The physics underlying the transport of particles and the particle collective attitude to originate geometrical patterns in oscillatory flows is the main scope of the colloquium. Contributions concerning turbulence and particle dynamics are favoured. Nonetheless, geomorphological, chemical and biological aspects strictly related to the mechanics of particulate oscillatory flows are considered of great relevance for the colloquium. Indeed, the multidisciplinarity of the contributions is believed fundamental for a successful colloquium. The colloquium can be attended by participation only.


Natural phenomena associated with flows that we perceive as steady or at the equilibrium state at the temporal and spatial scales of our observation, are often actually the result of flow fluctuations occurring at much smaller or much larger scales. Such fluctuations can be erratic, like the velocity of small turbulent eddies, or exhibit a certain regularity, like the oscillatory flow induced by wind waves. The former are responsible for the random pick-up of sediment grains from the seabed, while the latter originate the sedimentary pattern that we all can observe close to the coasts. Besides the formation of bedforms under surface waves, some other glaring examples of phenomena that are strongly related to oscillatory flows are the acoustic streaming, the granular segregation, the assembly of motile bacteria due to their collective motion. Indeed, oscillatory flows can be considered prototypes of accelerating flows and insights obtained in such basic field are fundamental. Oscillatory fluctuations can be secondary flows generated as an effect of the interaction of steady flows with wavy solid boundaries (and vice versa) or primary flows generated by harmonic oscillations of boundaries (which can coincide with solid particles). In either cases, solid-fluid interactions are clearly fundamental as the dynamics of the boundaries is coupled with that of the flow. The nature of these interactions can be purely mechanical (e.g. sediment grains) or involve for instance electrostatic forces (e.g. cohesive particles) or be driven by the biological collective behaviour. Granular patterns, which stem from solid-fluid interactions, reflect the microscopic properties of granular matter. The interest for granular and oscillatory flows is growing in different scientific communities, which is witnessed by the increasing number of articles and projects devoted to the subject, both for scientific speculation and because their knowledge finds applications in the environmental and industrial fields. The present colloquium gives the opportunity of discussing themes related to the mechanics of granular flows and the development of patterns of particles subjected to the action of oscillatory flows, highlighting the advancements and emphasizing the improvements that the recent numerical and experimental techniques, such as DNS, LES, PTV and tomographic PIV, have led to our understanding of the interaction between particles and vortex structures.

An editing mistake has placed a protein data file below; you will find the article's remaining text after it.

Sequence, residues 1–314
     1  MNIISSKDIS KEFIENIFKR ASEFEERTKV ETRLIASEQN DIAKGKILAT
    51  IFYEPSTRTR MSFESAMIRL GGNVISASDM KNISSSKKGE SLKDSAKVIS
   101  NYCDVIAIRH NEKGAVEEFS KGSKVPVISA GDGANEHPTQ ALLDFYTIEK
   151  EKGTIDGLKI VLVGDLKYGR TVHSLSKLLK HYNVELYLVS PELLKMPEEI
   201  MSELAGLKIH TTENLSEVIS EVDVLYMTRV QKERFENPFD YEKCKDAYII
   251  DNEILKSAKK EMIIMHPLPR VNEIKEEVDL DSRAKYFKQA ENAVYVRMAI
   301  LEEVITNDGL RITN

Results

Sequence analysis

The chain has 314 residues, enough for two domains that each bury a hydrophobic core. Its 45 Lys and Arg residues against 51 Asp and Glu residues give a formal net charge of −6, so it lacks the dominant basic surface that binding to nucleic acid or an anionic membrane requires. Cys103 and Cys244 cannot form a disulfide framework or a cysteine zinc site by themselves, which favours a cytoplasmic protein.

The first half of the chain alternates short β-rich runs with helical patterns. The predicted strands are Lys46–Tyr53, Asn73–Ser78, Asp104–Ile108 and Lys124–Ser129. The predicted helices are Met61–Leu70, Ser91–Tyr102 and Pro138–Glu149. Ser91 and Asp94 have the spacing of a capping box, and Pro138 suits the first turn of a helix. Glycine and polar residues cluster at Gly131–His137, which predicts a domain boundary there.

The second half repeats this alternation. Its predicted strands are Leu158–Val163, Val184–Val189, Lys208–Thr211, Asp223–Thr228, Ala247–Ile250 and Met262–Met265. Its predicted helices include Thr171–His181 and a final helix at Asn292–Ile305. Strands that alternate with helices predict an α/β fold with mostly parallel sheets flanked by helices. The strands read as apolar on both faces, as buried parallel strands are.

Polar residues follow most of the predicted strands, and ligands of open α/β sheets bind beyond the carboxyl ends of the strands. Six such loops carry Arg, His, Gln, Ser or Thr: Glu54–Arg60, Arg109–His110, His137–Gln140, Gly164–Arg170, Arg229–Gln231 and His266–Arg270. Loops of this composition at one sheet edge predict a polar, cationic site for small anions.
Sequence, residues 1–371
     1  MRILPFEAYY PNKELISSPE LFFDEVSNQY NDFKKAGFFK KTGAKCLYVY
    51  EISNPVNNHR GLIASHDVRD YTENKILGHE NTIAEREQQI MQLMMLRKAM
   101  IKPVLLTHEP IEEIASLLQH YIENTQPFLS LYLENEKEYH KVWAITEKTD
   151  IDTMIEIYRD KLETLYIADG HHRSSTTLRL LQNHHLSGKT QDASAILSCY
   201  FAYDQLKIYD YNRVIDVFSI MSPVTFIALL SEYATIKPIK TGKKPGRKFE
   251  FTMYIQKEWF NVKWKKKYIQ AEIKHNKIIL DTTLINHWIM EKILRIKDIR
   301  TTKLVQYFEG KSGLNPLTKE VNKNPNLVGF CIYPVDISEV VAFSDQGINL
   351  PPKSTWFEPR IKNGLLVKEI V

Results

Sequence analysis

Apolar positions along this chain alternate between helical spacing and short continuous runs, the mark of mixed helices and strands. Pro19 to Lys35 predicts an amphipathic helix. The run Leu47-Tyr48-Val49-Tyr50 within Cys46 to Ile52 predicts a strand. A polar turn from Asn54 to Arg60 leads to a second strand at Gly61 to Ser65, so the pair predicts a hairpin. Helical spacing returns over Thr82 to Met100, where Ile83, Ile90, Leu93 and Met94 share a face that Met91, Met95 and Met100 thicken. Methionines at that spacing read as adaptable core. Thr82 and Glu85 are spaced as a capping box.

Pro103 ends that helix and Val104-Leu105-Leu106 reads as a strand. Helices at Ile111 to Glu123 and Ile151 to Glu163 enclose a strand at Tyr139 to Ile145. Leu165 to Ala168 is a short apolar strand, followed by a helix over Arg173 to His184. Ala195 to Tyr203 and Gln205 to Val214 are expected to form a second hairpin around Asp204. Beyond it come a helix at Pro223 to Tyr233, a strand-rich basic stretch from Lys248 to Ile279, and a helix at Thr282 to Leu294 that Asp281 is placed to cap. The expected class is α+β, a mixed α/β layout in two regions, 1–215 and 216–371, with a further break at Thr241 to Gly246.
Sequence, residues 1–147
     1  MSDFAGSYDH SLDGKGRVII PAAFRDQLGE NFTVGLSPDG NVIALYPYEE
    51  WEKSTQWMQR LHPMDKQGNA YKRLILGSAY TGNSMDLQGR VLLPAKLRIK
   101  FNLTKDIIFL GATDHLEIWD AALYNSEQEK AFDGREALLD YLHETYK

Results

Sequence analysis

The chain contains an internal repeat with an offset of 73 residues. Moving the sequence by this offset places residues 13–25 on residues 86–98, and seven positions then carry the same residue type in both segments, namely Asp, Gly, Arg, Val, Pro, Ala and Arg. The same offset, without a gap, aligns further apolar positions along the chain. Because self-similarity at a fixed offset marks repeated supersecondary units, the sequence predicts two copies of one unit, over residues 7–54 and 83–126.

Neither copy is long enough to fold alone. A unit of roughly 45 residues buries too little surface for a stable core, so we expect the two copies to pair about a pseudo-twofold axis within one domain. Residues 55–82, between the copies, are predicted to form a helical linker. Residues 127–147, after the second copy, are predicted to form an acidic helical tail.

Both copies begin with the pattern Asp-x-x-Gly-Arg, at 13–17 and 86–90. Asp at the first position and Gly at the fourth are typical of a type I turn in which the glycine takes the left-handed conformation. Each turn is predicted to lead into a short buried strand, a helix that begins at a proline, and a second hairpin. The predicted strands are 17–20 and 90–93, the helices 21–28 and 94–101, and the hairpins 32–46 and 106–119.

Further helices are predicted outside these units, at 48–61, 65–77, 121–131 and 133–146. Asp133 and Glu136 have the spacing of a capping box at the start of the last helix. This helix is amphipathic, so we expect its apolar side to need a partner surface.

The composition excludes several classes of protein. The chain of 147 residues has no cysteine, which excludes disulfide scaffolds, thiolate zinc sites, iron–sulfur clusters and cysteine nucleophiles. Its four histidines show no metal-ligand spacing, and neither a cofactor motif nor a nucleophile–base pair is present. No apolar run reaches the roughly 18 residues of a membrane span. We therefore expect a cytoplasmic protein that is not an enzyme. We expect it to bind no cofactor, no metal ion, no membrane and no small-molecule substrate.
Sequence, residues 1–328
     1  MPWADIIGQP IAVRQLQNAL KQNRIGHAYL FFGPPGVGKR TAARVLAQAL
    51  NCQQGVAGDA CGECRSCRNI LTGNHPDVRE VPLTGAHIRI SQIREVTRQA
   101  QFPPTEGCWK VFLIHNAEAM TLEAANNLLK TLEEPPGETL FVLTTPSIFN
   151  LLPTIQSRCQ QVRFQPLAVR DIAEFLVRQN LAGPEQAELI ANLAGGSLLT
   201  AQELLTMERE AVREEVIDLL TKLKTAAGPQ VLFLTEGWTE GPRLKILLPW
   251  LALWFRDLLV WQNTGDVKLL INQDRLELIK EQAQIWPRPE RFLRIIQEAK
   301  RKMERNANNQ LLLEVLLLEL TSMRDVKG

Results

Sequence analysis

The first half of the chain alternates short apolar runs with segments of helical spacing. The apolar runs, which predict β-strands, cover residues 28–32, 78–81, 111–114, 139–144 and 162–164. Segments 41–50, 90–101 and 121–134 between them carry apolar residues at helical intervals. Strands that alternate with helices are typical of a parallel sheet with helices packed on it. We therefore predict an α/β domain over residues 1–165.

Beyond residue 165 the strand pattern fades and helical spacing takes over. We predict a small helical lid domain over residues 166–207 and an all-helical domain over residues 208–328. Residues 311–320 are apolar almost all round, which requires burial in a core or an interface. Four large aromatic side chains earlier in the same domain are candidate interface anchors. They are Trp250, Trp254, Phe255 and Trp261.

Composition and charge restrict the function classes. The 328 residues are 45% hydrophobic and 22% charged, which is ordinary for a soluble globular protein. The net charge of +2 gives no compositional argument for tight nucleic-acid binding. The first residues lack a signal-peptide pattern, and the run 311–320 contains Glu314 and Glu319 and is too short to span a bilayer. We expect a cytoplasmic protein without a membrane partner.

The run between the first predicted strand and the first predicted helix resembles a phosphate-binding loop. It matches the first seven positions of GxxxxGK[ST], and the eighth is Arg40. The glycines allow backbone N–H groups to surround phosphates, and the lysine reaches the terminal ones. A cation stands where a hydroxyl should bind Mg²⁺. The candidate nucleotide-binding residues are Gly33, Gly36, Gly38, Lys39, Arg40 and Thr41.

The spirit of the colloquium is promoting the dissemination of recent developments and identifying innovative approaches of investigation of granular patterns through the cross-fertilization among different scientific communities.